As we all know, the Gov. J.B. Pritzker announced the move back to Tier 3 in late November. The mitigations were put in place on Nov. 20, 2020 and they specifically address organized group activities, the most obvious being, sports. The district paused all winter sports including bowling, girls and boys basketball, girls gymnastics, competitive cheer and dance and boys swimming and diving. All school run clubs have stopped meeting in-person as well. The pause will remain in effect until cases return to a lower number in Illinois. Clubs such as DECA and FCCLA have been continuing to meet in a virtual setting.
Many of the teams had been preparing for a possible season before the move by using their contact days.
“We were very optimistic about this season,” said the head girls gymnastics coach, Michael Costa.
Gymnastics is considered a low risk sport by IHSA, but the meets wouldn’t be the same. There would be a limited number of schools competing in invites, strict guidelines of social distancing and potentially the requirement to wear masks while competing. Unfortunately, the team didn’t know much else regarding how the season could play out before the pause occured.
What they did know was that it probably would be one of the most successful seasons they have had in a long time. Despite the loss of one of their top performers, Nicole Kane, they have a lot of depth in their program this year. In pre-season discussions with the coaching staff they concluded that they are confident in their group of girls and could be in contention to win their division and even move on to State. They have a very talented group that worked hard last year—not to disregard their incoming freshmen class.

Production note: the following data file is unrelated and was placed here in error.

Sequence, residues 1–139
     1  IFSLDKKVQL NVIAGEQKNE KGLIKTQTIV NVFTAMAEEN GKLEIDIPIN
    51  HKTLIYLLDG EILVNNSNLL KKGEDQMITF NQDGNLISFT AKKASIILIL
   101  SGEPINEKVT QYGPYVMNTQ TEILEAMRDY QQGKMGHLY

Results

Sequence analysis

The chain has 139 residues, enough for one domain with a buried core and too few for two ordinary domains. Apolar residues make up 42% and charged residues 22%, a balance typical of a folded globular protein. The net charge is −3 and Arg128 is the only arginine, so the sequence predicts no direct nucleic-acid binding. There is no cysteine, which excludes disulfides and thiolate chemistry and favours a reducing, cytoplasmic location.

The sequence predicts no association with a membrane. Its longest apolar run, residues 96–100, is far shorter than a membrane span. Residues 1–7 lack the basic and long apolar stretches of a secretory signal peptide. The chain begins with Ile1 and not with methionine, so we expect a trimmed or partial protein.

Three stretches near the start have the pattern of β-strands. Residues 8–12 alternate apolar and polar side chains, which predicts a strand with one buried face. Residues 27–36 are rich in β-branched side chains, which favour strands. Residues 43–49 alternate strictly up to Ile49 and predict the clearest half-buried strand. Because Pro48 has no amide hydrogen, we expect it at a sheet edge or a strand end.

The team is still hoping for a chance to show their talent even if it’s in a different light this year.
“The pause is disappointing because I was looking forward to competing one last season,” said senior Amanda Marcucci. “I was working on new skills and now I may not get to compete with them.”
It is especially hard for senior athletes to experience this pause because they don’t have a clear answer whether they will get to compete one last time for many of them who aren’t continuing in college, however they understand the circumstances.
“The possibility of [the boys basketball season] being taken away does stink, but it’s not being taken away for no reason,” said senior Aidan Hosler.
The boys basketball team has been keeping in touch virtually while individually working to stay in shape. Some of them go to local parks to shoot and play whenever they get the opportunity.
The IHSA has communicated that they will revisit the decision of this pause in athletics and clubs in late December.